Start networking with people you want to know. Don’t be timid. Attend industry events and introduce yourself. Get involved in volunteer opportunities. Many high profile events/conferences have committees that you can volunteer for and if I was looking to break in, that would be one place to start.
Show your expertise, but don’t be obnoxious about it. You need to be able to draw the line between self-confidence and being a cocky bastard which can turn people off. BTW, this is a topic that we will be discussing during the panel Self Promotion: Is This Really a Rant About Gender? with Clay Shirky who wrote the widely debated blog post “A Rant About Women” as well as Mary Hodder, and Lynne D. Johnson at the Women Who Tech TeleSummit on September 15th. I will be moderating the panel.
JC: You have the 3rd annual Women Who Tech TeleSummit coming up soon. Can you give me a few practical tips attendees were able to walk away with in the past?
AK: Sure. Promoting yourself and your skills is critical. Don’t take rejection so personally. Reframe your thinking and redirect that negative energy into submitting even more panel submissions, developing a better product, launching a new startup, and networking with even more VC’s (if getting VC money is your ultimate goal). Failure is not a bad thing. You learn from failure.
JC: This year’s event has a great lineup – what sessions are you most excited about this year and which do you recommend to our readers?
AK: To be honest, I’m so excited about all of the sessions – I curated most of the program this year and I’m psyched about each one of the panels for different reasons. If you are interested in Launching a Startup, then you will definitely want to hear Rashmi Sinha, Co-Founder of SlideShare, Amra Tareen, Founder of AllVoices.com and a former partner at an established VC firm, Lisa Gansky, Investor and author of The Mesh and Geoff Livingston of Zoetica Media, LLC talk about what it really takes to launch a startup and how to deal with risk. If you have been following the latest women in tech debate (Tech Crunch, WSJ, and Fast Company articles), then you won’t want to miss the Female Ferocity fireside chats with Cathy Brooks, Heather Harde, CEO of Tech Crunch, Genevieve Bell of Intel and Elisa Camahort Page, Co-Founder of BlogHer.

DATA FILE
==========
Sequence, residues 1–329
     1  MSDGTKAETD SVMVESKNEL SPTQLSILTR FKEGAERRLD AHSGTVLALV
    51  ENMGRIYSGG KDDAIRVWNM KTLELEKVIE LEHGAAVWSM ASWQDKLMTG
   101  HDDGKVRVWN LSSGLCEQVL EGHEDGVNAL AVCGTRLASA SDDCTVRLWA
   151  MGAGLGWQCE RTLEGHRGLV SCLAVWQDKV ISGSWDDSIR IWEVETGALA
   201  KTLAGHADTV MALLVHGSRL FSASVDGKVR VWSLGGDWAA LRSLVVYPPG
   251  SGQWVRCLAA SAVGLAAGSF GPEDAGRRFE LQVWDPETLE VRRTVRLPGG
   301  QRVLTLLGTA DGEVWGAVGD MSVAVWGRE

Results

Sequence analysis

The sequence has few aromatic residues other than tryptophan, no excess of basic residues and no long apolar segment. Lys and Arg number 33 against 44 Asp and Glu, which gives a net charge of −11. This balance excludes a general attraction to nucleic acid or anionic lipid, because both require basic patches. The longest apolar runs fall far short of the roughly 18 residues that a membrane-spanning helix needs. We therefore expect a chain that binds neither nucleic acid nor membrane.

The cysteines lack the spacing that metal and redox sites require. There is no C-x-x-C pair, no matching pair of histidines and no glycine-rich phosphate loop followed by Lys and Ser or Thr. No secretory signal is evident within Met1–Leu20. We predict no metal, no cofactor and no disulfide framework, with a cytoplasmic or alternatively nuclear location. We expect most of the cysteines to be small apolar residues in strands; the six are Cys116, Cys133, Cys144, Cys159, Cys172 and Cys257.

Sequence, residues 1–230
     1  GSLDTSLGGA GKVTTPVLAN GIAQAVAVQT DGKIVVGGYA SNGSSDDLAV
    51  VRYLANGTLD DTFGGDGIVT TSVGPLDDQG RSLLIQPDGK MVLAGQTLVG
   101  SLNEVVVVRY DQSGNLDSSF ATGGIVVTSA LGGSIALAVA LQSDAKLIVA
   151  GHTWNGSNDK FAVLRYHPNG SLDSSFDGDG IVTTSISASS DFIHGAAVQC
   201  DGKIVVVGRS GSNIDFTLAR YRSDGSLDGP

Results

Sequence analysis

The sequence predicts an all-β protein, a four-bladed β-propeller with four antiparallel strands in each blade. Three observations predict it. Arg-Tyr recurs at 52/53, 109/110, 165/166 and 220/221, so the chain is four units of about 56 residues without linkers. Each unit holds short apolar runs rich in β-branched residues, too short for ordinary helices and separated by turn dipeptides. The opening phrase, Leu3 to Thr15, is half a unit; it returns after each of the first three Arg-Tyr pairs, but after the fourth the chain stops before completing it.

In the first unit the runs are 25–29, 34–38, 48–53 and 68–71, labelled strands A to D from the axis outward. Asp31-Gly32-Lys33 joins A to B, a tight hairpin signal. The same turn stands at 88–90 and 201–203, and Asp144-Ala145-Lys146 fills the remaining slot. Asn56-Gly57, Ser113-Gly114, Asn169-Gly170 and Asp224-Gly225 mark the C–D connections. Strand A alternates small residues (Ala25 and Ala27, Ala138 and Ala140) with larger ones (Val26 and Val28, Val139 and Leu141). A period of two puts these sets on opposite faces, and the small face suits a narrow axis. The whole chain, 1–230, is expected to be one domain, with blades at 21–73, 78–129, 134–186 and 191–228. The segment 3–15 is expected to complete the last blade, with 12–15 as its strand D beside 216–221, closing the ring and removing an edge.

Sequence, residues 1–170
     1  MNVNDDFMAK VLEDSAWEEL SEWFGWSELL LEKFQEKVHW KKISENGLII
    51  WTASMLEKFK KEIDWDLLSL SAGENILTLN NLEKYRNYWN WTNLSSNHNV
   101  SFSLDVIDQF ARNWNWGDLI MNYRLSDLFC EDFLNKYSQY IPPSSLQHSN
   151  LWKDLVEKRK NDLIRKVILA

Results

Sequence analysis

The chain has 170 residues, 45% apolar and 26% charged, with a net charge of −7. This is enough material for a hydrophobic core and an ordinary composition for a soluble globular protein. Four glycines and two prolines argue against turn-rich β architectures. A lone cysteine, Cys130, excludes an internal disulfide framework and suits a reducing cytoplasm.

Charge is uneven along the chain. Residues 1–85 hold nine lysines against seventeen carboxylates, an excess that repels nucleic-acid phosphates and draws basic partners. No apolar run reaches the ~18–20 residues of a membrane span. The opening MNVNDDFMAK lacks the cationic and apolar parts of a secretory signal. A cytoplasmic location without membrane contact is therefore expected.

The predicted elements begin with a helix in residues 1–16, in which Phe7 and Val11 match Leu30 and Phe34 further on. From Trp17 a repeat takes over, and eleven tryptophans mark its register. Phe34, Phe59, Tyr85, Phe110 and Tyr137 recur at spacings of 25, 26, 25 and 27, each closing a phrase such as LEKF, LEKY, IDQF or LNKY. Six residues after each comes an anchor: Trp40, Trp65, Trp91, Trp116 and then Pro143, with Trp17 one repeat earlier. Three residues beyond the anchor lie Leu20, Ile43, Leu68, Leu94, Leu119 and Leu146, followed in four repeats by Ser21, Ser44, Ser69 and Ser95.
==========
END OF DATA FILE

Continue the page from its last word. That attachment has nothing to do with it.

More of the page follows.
JC: Aside from the annual telesummits, do you have a bigger vision for Women Who Tech? And are there any other ways for women to participate or get involved with your mission?
AK: Right now our main focus is the annual Women Who Tech TeleSummit, which brings together talented and renowned women breaking new ground in technology who use their tech savvy skills to transform the world and inspire change. Following the TeleSummits, we host after parties in DC, NYC, and San Francisco so people can network in person.
JC: Any final advice for women who are thinking about starting up their own businesses?
AK: Just Do It! Seriously, if you are a passionate about an idea you have for a startup and you have done your research and business planning, (a financial cushion helps too) go for it. What’s the worst that can happen? You learn from failure and go out and get a job until your next startup idea comes along. That doesn’t sound so terrible to me.